The system will incorporate cognitive assessment training, tracking and reporting. “We’re going to track everything that [patients] do for research purposes,” Palumbo says. Keep reading>>

Welltok raises $18.7M for healthy social network CafeWell

By: Jonah Comstock | Apr 10, 2013        

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CafewellOnly four months into 2013, we’ve already seen several big moves from companies presenting as “health social networks.”

In late January, Audax Health raised $21 million for its social network Zensey, and announced a partnership with Cigna. In February, employee wellness program Keas announced a new product that signaled a pivot into the health social network sphere. Last week, OneHealth raised $9 million for its health social network and announced a slew of employer and health plan partners.

Now Welltok, makers of the CafeWell social health management platform, have announced an $18.7 million raise. And although the company didn’t announce employer or health plan partners, their platform is clearly targeted at what they call population managers — reps for employers, providers, and especially health plans — as well as at consumers. The company has only disclosed one customer, Coventry HealthAmerica, but it reports that it has two of the nation’s largest health plans among its customers.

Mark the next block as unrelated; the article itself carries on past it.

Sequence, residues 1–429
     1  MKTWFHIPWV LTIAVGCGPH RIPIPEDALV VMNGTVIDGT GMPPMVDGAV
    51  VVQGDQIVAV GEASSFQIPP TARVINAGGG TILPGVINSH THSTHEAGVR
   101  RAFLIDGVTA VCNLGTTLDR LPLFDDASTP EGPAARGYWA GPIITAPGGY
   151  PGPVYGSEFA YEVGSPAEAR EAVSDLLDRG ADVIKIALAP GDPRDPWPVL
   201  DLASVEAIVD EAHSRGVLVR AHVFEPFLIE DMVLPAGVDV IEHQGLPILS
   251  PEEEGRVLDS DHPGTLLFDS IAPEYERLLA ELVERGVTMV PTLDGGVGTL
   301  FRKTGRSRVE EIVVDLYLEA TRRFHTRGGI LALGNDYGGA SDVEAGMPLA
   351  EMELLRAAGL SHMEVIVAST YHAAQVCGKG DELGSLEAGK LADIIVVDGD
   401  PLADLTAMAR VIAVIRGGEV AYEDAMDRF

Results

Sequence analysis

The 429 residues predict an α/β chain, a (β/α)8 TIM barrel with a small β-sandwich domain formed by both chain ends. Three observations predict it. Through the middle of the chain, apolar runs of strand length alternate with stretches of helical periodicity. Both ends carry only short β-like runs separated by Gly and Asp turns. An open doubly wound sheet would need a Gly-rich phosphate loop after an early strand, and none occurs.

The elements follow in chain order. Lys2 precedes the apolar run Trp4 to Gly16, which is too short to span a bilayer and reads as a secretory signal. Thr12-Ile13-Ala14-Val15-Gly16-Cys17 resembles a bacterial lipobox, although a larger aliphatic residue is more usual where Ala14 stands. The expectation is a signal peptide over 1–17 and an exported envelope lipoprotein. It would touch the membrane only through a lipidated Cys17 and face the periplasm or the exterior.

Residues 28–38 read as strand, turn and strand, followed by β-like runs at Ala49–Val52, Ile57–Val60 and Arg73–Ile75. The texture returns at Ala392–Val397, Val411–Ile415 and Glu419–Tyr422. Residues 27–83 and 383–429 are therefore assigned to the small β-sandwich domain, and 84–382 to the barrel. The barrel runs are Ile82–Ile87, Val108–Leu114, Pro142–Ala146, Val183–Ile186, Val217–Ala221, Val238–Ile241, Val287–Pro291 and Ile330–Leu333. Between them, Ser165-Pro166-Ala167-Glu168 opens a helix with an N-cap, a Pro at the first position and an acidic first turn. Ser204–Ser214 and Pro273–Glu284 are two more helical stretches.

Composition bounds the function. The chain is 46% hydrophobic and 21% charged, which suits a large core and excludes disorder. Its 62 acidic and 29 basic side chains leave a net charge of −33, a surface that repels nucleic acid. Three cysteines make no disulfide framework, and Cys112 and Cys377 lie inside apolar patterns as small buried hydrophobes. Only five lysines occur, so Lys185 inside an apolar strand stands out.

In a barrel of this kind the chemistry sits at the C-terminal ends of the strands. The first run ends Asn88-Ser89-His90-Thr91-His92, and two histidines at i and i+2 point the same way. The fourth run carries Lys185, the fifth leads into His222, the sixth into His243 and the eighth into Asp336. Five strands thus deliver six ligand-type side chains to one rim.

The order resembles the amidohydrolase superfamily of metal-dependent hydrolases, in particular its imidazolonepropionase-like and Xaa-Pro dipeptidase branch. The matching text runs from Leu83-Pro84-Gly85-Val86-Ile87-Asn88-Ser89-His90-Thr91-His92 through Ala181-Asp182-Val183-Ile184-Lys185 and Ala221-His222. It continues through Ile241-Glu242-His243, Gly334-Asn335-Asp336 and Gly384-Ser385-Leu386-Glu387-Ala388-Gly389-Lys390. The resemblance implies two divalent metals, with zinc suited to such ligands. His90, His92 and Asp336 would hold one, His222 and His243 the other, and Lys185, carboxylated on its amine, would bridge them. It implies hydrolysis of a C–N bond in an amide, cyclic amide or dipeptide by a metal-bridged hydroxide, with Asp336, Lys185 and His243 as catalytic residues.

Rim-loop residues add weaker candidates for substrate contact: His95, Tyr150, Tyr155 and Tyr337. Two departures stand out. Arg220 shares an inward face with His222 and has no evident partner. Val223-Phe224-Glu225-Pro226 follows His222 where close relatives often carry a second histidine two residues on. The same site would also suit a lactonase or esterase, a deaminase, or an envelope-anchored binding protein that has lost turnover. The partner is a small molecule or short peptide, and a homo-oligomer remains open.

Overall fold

This is the second round of funding for the Denver-based company that’s been around since 2009. Emergence Capital Partners, InterWest Partners and New Enterprise Associates (NEA) contributed to the round, which the company says it will use to “accelerate product development and strategic partnership efforts, expand into new markets, and build account teams to support the rapidly growing base of clients.”

Welltok also announced that Jeff Margolis, the company’s executive chairman for the last year and a half, has been appointed CEO. Margolis founded TriZetto, a healthcare SaaS company that was acquired for $1.4 billion by Apax Partners in 2008.